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Tuesday June 6th

There's a new spooky creature on campus, and it isn't your GPA

<p>Crouching Spider: A nine-foot-tall, 27-foot-wide sculpture by French-American artist Louise Bourgeois will be on display for a year on East Cameron Avenue.&nbsp;</p>
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Crouching Spider: A nine-foot-tall, 27-foot-wide sculpture by French-American artist Louise Bourgeois will be on display for a year on East Cameron Avenue. 

Students trekking to the Old Well before classes might encounter an Appalachian-sized arachnid on the way there. 

On August 7, UNC installed two sculptures: “Crouching Spider” and “Eye Benches I” by contemporary artist and sculptor Louise Bourgeois. "Eye Benches I," located in front of Phillips Hall, will be on campus for the next two years, while “Crouching Spider,” which is front of the New West Building, will be on campus for one. 

When Chancellor Carol Folt was provost at Dartmouth, she encountered “Crouching Spider,” and has since dreamt of bringing Bourgeois’ work to the UNC campus, according to a statement from the University. The spider, and benches' arrival on campus has elicited a range of emotions on social media — confusion, intrigue and discomfort, to name a few. 

However, Cary Levine, an associate professor in contemporary art, said that's the beauty of it. 

“It makes you squirm in a good way," Levine said. "It’s weird. It’s fantastic. It’s wonderful and disconcerting at the same time. There’s something creepy about both works, and I hope that students begin with works like this to think about art.”

UNC is always teeming with new visitors, which Levine said will increase its influence. He said the spider sculpture's size — it's nearly 9 feet tall and 27 feet in width — is also helps aid to its presence on campus.

“It’s right smack-dab in the middle of everything," he said. "It’s right off of Cameron, which cuts through the campus. This is challenging work that is sitting right there — that everyone will unavoidably pass and notice.”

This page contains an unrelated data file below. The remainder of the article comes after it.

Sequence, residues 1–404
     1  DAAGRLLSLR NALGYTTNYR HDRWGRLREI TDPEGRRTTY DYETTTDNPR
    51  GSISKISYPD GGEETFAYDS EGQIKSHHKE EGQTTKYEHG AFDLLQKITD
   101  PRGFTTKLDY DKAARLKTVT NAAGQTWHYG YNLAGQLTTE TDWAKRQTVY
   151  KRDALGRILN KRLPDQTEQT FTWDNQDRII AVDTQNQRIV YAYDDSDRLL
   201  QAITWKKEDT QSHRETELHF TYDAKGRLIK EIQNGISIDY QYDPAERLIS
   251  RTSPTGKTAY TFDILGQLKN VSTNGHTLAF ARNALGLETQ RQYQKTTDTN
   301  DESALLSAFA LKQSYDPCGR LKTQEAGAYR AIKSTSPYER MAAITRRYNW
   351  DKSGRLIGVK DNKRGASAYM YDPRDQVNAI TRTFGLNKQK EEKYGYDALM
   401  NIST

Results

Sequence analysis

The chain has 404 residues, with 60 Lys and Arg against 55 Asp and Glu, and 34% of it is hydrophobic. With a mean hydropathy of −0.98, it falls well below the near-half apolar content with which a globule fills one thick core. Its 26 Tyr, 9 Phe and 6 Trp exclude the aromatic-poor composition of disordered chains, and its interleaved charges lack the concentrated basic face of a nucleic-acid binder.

The eye-shaped sculptures encourage visitors to interact with them by sitting on them, while “Crouching Spider” encourages visitors to weave throughout its legs and take in its size from a variety of perspectives. Bourgeois' work, however, is not just a spectacle; the sculptures both contain meanings from her life. 

Emil Kang, special assistant to the Chancellor for the Arts, quoted a story from Bourgeois’ childhood to explain the spider's meaning in an email to The Daily Tar Heel: “The Spider is an ode to my mother. She was my best friend. Like a spider, my mother was a weaver... spiders are helpful and protective, like my mother." 

Ayla Gizlice, a senior studio art major in the process of doing her honors thesis, said her work will soon be displayed near Bourgeois.'

“It’s awesome that we, as students, get to encounter her work on a daily basis,” Gizlice said. 

She hopes this will bring a more direct connection between the art department and the sculptures, which she doesn't feel is present now.

Levine and Kang said they hope that the sculptures instill an interest in art and encourage students to pursue an art education further. Kang said students should take any initial interest in art further by finding an arts-related student group that speaks to their interest. He said this fall, students will be able to use the Arts Everywhere Painting Studio in the basement of Morrison Residence Hall with OneCard access. 

"I’d also encourage any student with an interest in the arts to connect with the art and art history faculty members on our campus to find out how they can integrate their interests into their course schedule to strengthen that foundation,” Kang said.  


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